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Students help protect Aitutaki lagoon

Wednesday December 07, 2016 Written by Published in Outer Islands
Aitutaki Reef Keepers marine biologist and coral reef ecologist Charles Waters with some of the enthusiastic students from Araura College, Aitutaki. 16112930 Aitutaki Reef Keepers marine biologist and coral reef ecologist Charles Waters with some of the enthusiastic students from Araura College, Aitutaki. 16112930

Aitutaki Reef Keepers are working closely with schools and communities in Aitutaki in an effort to help, preserve and enhance the island’s huge lagoon and provide a more sustainable marine environment.

 

Marine biologist and coral reef ecologist for the Ministry of Marine Resources, Charles Waters says they are working closely with students of Araura College in Aitutaki to teach them the basic skills involved in protecting their marine environment and preserving it.

A couple of years ago Waters devised a method of transplanting young clams directly onto the coral and into the lagoon by using circular clam chambers.

“Then some students and faculties from a school in Houston, Texas, in America found my idea and actually made 10 kits of those chambers and sent them to me to put in the lagoon,” Waters said.

He said it was an excellent example of knowledge transfer from one side of the globe to another on how marine organisms can be restored. The Texas students had also sent them a video that gave step-by-step instructions on how to assemble a proper chamber, which the students were following.

“It is a small example but a good example that looks at how many people did one small thing to help our marine environment,” he said.

Waters visits schools in Aitutaki and conducts presentations about growing coral and clams.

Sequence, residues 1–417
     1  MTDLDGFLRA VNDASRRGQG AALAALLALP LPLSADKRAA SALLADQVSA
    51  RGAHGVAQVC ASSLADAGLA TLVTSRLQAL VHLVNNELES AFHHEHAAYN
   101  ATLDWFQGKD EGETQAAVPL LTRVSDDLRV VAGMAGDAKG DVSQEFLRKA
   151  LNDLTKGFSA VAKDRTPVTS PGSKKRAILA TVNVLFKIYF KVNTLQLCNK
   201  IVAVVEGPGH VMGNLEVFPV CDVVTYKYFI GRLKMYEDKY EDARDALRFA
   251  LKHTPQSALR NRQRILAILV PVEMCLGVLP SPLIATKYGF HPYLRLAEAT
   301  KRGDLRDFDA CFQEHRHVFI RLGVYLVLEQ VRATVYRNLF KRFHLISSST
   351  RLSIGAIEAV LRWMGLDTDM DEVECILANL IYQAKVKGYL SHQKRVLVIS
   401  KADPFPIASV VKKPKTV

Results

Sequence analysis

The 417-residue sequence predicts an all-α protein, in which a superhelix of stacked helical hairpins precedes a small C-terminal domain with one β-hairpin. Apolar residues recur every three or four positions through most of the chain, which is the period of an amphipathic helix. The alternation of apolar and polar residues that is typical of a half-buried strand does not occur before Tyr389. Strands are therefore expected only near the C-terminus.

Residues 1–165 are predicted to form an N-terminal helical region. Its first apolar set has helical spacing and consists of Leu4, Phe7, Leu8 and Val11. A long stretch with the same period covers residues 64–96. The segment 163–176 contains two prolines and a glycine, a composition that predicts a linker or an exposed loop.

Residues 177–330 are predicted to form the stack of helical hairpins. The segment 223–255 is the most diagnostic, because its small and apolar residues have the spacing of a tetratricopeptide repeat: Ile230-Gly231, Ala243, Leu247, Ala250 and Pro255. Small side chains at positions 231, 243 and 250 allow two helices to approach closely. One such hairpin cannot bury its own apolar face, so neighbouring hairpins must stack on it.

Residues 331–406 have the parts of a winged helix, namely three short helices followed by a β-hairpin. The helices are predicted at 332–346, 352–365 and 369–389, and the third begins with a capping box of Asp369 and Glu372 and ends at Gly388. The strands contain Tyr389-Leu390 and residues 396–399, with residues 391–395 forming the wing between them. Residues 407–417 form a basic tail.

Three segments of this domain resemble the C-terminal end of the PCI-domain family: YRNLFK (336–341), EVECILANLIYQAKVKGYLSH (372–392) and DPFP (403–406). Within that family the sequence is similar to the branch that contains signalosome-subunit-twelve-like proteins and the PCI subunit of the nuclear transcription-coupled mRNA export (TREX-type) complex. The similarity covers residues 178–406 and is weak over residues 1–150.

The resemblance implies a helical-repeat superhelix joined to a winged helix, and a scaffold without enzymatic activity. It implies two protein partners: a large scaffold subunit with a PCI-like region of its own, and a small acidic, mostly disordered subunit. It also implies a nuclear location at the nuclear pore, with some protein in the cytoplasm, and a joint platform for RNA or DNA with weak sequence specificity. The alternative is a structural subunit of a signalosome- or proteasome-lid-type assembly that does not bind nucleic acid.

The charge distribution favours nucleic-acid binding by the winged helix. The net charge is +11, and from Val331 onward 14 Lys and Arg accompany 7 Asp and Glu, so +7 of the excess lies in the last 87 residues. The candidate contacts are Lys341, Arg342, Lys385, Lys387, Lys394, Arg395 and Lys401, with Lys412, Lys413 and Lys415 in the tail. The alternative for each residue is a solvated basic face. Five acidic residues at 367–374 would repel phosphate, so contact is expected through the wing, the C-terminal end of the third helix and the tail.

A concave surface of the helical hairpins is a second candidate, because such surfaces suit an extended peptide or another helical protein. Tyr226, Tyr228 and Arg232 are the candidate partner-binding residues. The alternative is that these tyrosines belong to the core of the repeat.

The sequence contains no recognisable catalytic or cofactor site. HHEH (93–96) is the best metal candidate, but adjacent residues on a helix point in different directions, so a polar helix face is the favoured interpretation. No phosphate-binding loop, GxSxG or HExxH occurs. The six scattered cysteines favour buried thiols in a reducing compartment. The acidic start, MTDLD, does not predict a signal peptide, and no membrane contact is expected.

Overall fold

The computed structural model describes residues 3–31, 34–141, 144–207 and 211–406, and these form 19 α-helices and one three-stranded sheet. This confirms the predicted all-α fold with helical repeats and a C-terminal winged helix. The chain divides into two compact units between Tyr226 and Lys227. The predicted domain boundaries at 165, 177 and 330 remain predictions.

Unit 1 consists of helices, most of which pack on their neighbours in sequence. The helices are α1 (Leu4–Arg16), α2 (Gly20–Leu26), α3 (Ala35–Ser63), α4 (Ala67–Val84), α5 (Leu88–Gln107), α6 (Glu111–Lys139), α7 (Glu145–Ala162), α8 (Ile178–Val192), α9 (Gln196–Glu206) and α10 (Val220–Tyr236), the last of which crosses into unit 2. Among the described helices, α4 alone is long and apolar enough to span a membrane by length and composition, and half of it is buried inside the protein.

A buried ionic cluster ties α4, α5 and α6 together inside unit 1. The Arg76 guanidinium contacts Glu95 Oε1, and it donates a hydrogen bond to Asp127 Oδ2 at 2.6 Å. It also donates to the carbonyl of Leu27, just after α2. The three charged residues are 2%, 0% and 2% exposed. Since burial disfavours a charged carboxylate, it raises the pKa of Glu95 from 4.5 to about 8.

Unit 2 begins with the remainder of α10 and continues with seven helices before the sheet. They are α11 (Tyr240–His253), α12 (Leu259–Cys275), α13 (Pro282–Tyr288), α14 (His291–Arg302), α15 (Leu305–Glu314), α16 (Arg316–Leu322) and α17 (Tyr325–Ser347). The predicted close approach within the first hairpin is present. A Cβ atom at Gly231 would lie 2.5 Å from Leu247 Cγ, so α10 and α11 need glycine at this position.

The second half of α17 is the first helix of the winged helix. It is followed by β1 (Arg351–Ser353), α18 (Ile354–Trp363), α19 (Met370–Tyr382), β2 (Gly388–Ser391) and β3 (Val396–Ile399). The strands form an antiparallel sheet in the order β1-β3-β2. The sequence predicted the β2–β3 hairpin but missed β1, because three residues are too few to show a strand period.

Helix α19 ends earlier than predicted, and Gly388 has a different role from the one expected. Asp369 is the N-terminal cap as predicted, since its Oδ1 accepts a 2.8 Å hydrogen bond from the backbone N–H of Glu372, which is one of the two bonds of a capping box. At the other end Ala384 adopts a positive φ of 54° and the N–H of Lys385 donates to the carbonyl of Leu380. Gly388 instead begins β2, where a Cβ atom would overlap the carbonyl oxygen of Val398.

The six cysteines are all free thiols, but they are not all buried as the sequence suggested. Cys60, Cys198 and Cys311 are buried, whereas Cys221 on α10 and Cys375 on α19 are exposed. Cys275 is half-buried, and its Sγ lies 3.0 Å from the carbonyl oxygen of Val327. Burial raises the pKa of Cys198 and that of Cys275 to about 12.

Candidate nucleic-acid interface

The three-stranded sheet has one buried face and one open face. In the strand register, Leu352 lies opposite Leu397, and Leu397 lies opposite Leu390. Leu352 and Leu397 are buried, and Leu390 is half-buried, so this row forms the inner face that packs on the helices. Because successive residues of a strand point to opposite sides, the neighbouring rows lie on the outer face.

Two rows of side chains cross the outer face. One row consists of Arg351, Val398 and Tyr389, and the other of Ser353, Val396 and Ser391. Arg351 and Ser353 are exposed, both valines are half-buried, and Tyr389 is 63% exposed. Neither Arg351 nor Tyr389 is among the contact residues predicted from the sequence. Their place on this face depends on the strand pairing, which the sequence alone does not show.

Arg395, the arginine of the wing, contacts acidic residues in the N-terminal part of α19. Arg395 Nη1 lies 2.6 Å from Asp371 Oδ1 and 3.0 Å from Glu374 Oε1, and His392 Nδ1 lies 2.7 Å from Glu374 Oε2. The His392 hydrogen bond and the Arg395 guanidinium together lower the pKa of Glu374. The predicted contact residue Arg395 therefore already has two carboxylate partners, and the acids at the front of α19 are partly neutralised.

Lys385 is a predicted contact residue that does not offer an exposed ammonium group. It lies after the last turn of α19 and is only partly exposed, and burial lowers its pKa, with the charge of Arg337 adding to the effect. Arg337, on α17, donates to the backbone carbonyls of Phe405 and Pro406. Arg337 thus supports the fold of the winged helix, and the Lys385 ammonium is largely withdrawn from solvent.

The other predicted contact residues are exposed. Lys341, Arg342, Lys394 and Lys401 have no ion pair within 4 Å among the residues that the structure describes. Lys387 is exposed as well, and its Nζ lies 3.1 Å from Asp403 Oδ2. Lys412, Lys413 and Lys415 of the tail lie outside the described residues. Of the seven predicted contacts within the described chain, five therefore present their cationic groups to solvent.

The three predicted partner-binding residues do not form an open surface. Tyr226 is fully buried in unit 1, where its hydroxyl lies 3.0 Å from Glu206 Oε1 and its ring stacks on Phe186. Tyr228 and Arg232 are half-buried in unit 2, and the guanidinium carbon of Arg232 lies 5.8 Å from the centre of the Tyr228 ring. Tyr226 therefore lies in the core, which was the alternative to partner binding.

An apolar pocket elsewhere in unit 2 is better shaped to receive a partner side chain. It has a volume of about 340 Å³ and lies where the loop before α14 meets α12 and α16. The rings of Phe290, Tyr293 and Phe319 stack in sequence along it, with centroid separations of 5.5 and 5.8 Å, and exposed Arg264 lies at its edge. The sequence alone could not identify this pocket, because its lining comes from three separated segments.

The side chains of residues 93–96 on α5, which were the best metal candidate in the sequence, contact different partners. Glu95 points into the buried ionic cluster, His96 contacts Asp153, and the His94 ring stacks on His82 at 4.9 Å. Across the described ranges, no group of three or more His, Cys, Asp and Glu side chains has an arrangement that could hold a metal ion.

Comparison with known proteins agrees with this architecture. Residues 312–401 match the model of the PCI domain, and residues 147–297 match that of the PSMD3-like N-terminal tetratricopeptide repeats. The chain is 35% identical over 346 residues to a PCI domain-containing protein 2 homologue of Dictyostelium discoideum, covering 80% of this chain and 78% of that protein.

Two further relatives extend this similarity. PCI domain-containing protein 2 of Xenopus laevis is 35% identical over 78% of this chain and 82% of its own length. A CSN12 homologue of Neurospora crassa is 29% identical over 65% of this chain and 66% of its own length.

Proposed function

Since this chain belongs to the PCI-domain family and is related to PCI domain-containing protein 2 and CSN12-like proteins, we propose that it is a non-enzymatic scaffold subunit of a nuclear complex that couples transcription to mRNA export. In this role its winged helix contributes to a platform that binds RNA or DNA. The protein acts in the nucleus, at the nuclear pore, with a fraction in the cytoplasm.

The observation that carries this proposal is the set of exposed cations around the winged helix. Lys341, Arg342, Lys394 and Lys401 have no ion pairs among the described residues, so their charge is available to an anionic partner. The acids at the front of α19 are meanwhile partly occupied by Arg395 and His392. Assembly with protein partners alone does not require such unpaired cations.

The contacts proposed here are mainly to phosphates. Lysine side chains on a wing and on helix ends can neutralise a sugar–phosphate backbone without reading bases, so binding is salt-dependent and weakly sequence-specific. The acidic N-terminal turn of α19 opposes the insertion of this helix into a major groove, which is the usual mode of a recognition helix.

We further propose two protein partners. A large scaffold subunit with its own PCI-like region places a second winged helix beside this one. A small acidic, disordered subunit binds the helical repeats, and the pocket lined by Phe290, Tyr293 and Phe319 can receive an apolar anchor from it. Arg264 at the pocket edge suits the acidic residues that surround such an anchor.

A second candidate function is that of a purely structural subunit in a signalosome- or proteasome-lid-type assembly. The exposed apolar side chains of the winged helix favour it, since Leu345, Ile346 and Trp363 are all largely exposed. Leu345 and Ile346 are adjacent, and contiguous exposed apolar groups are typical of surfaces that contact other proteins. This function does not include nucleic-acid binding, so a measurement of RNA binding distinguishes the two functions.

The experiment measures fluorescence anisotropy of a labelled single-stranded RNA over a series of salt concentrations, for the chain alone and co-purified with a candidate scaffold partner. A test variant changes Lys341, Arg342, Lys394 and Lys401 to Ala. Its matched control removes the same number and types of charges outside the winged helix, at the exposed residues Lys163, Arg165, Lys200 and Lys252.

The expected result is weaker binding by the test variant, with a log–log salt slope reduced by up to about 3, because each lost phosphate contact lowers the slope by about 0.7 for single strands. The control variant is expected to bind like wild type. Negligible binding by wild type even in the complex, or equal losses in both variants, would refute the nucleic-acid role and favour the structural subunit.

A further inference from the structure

Students are invited to the hatchery to work on transplanting clams and coral and take them to the lagoon.

“It has been quite successful in addition to improving the marine environment and most importantly, associating the students with the skills involved in a programme like this.”

Waters wants the students to grow professionally and his presentations include promoting the program and basic and accounting financial literacy.

“It’s a way of getting them ready for tertiary education and they are able to pass the ideas and experience they acquire to their families and colleagues and wherever they go, (what they have learned) is basically capacity-building.”

Waters said working in Aitutaki and being amongst students had been uplifting and inspiring for him as it gave him a sense of hope that people would come to love their marine environment. He said his work is not limited to students and he invites church and community groups and other organisations to be part of the programme.

He added that the main idea was to get everyone on Aitutaki to be “reef keepers”.